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In 2015, Arthur B. McDonald co-won the Nobel prize in physics for solving the Solar Neutrino problem. In order to understand how exciting this is, we first need to explore neutrinos themselves, and what they are.

Matter is made up of many tiny pieces called atoms, and believe it or not, atoms are actually mostly empty space! They consist of protons and neutrons, which stick together and make up the middle of the atom called the nucleus. Electrons are particles that orbit the nucleus. Check out this interactive activity where you can build your own atoms to learn more!

It would be quite simple, yet much less interesting, if that’s where this conversation ended. In reality, however, protons, neutrons, and electrons are not the smallest particles that exist! All of the particles that we know of so far are described by the standard model of particle physics. Take a look at the diagram below. In it, you’ll see that there are no protons or neutrons. Instead, you’ll see quarks, a type of “sub”-atomic particle. It turns out protons and neutrons are made of different numbers of the lightest quarks, the up and down quark.

 

Standard Model of Particle Physics.

Now let’s talk about the neutrinos. Neutrinos are really tiny subatomic particles that are very difficult to detect, because they don’t interact often with matter. In fact, about 100 trillion neutrinos pass through your body every second! They come in three types which scientists call flavours; electron, tau, and muon. Imagine them as apple-, lemon-, and strawberry-flavoured neutrinos!

The whole idea of the solar neutrino problem is that scientists predicted that there should be more apple-flavoured neutrinos created by the sun than they were actually detecting on earth by specially-designed apple flavoured neutrino detectors. If the rest of the neutrinos weren’t able to be found, this could be evidence that we don’t understand the sun, or worse, that the sun may be burning out!

Then, in 2002, results from the SNO experiment showed that neutrinos actually change flavour, which means that on their way from the sun they can change from being one type of particle to another. To understand this, let’s imagine that you throw three apples out of your window to a friend. Halfway through the air, one turns into a strawberry, and another turns into a lemon! Then when you ask your friend how many apples they caught, they say one. This would puzzle you, because you thought they’d catch three apples! This is what happens to neutrinos when they travel from the Sun to the Earth. The discovery that neutrinos can change flavour meant that neutrinos have a small amount of mass, and this explains where all the missing neutrinos are, ultimately solving the solar neutrino problem! The neutrinos are still emitted as expected, we just weren’t detecting the ones that changed their flavour!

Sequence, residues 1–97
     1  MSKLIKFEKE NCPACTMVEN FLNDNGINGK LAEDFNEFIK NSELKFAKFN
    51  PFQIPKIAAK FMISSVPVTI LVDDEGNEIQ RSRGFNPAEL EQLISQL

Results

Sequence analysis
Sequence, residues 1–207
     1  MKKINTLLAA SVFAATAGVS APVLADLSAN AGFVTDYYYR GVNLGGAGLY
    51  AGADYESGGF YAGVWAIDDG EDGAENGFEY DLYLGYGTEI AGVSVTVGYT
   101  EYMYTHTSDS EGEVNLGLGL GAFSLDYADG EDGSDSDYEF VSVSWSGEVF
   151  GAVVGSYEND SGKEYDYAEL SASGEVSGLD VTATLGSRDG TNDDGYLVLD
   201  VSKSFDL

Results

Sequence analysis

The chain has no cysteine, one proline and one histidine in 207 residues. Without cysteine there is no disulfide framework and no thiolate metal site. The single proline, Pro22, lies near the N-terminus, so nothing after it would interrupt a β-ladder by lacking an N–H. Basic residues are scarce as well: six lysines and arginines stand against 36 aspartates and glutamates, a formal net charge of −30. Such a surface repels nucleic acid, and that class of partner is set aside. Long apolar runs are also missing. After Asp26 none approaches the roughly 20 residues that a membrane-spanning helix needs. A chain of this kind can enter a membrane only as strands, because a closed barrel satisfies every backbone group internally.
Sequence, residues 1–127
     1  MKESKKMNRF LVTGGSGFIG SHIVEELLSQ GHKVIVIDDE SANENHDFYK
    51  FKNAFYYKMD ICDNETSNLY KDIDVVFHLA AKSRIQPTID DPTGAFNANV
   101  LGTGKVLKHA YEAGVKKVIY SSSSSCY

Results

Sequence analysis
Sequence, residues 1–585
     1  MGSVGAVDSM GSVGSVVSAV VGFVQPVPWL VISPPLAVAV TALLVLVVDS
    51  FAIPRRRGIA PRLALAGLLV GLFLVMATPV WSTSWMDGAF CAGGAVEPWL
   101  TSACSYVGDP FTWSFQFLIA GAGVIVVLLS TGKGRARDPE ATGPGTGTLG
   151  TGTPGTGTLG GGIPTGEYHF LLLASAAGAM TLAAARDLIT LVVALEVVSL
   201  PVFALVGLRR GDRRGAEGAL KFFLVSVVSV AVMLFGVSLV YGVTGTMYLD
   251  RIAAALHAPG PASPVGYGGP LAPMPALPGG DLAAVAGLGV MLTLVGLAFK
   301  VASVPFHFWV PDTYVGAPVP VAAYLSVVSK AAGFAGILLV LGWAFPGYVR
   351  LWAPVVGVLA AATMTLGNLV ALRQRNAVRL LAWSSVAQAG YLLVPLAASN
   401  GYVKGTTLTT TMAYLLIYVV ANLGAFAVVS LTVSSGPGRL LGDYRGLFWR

Learn more about the neutrino experiments McDonald Institute researchers are working on.

 

SNO+

SNO+ is a neutrino detector re-using the vessel and underground space from the original SNO experiment. Rather than the heavy water used in SNO, SNO+ uses liquid scintillator which gives off light at the slightest interaction. This makes SNO+ far more sensitive to neutrino interactions than SNO. One of the goals of SNO+ is to be the first experiment to detect neutrinoless double beta decay.

IceCube

IceCube is a neutrino detector that is embedded in the ice in Antarctica. It consists of sensors buried up to 2.5 km below the surface in a cubic kilometre of ice. The ice acts as shielding to filter out unwanted particles, so that most of those that reach the area around the sensors are neutrinos. When a neutrino interacts in the ice, it creates a shower of secondary particles and light that are picked up by the sensors. Using information about the particles and light created, scientists can learn more about the neutrinos.

nEXO

The nEXO experiment will use five tonnes of enriched xenon to learn more about neutrinos. The main goal of the experiment will be to determine if the neutrino is its own antiparticle. Additionally, nEXO will try to determine the mass of neutrinos and attempt to observe neutrinoless double beta decay. NEXO is currently in design, and is estimated to be installed and taking data at SNOLAB in 2025.

HALO

The Helium and Lead Observatory (HALO) is a dedicated neutrino detector that uses 79 tonnes of lead and helium-3 neutron detectors. When a supernova explodes, it releases a burst of neutrinos. These neutrinos reach Earth before the supernova light does. HALO is part of the worldwide Supernova Early Warning System (SNEWS) that alerts astronomers around the globe when a supernova neutrino burst is detected, allowing them to point their telescopes at the supernova in time to observe its light.

P-ONE

The Pacific Ocean Neutrino Explorer (P-ONE) is a new initiative which aims to redevelop ocean-based neutrino telescopes. P-One will harness one of the largest comprehensive ocean observing infrastructures in the world, Ocean Networks Canada (ONC). It is proposed to be a segmented system with several cubic-kilometres of instrument volume optimized for high-energy astrophysical neutrinos, over 50 TeV.